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everything is connected, by Kate

October 24, 2010

attentively listening to an artist presentation

The first Kitchen of Innovation had its première. People came, listened, took notes, and voted. Two artists took home the cash but that was not the goal of the event.

What system flourishes in isolation? What community survives without rejuvenation and creativity?

Maybe you can name some, but I am hard-pressed to think of one.

There are places where the arts – exhibitions and performances – have become like a factory, churning out predictable wares with the decisions about who makes what held by a few – critics, grant-making panels, and wealthy patrons.

What about the people who experience and enjoy creative offerings? When do we decide which ideas to support and which artist’s project to invest in? Like growing a garden, don’t we savor things differently when we have contributed – financially, energetically – to the process? Many of us who are passionate about the works we see by DC artists search for ways to show our dedication to innovation.

Last night was about becoming stakeholders, engendering support, nurturing creativity and collaboration. The part of the evening that inspired me the most was the synergy between the ideas of the artists and the attendees’ eagerness to invest in their projects. When we collected the ballots, we saw that people had taken notes to remember the specifics of the projects. Many said they loved being at the Kitchen because they could support something they cared about and meet artists they had not yet discovered.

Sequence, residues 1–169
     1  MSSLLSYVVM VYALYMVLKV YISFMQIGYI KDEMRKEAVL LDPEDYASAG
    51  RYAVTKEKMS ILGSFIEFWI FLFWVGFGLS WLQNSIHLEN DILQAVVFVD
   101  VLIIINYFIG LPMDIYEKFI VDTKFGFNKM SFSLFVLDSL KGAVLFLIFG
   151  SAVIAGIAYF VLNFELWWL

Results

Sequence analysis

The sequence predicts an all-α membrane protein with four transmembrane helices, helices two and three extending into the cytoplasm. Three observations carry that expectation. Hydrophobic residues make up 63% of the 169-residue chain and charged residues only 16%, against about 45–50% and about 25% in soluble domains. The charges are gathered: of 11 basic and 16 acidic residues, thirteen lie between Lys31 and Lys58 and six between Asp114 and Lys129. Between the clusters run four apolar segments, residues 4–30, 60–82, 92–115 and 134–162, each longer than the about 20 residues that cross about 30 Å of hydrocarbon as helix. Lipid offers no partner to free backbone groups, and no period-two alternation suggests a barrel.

Our intent for the evening was to nurture the innovation and spirit of camaraderie that make it possible for communities and the arts to flourish.

Congratulations to Holly Bass and Kristina Bilonick who shared the purse: $1000 donated by the attendees who gathered.

Bass and Bilonick posing in the kitchen, photo by Philippa Hughes

We hope that other outcomes were enjoyed by everyone: meeting people, sharing ideas and hearing about the diversity of work being made in our community.

Too often I have seen artists stymied by the quest for awards or favorable reviews and paralyzed by funding structures that make them work around parameters antithetical to their process. KOI was about usurping that model and putting power in the hands of the people.

Artists who prosper tend to be those who have people invested in their work, aware of their vision and committed to its realization. KOI was not some kind of aesthetic “American Idol.” Every person in the room shared the idea that we have the ability to shape our cultural landscape and the arts are for all and benefit everyone.

Many thanks to all our partners – especially Sweetgreen whose motto could have been written for KOI:
Keep It Real
Care About Your Impact
Share Your Gifts

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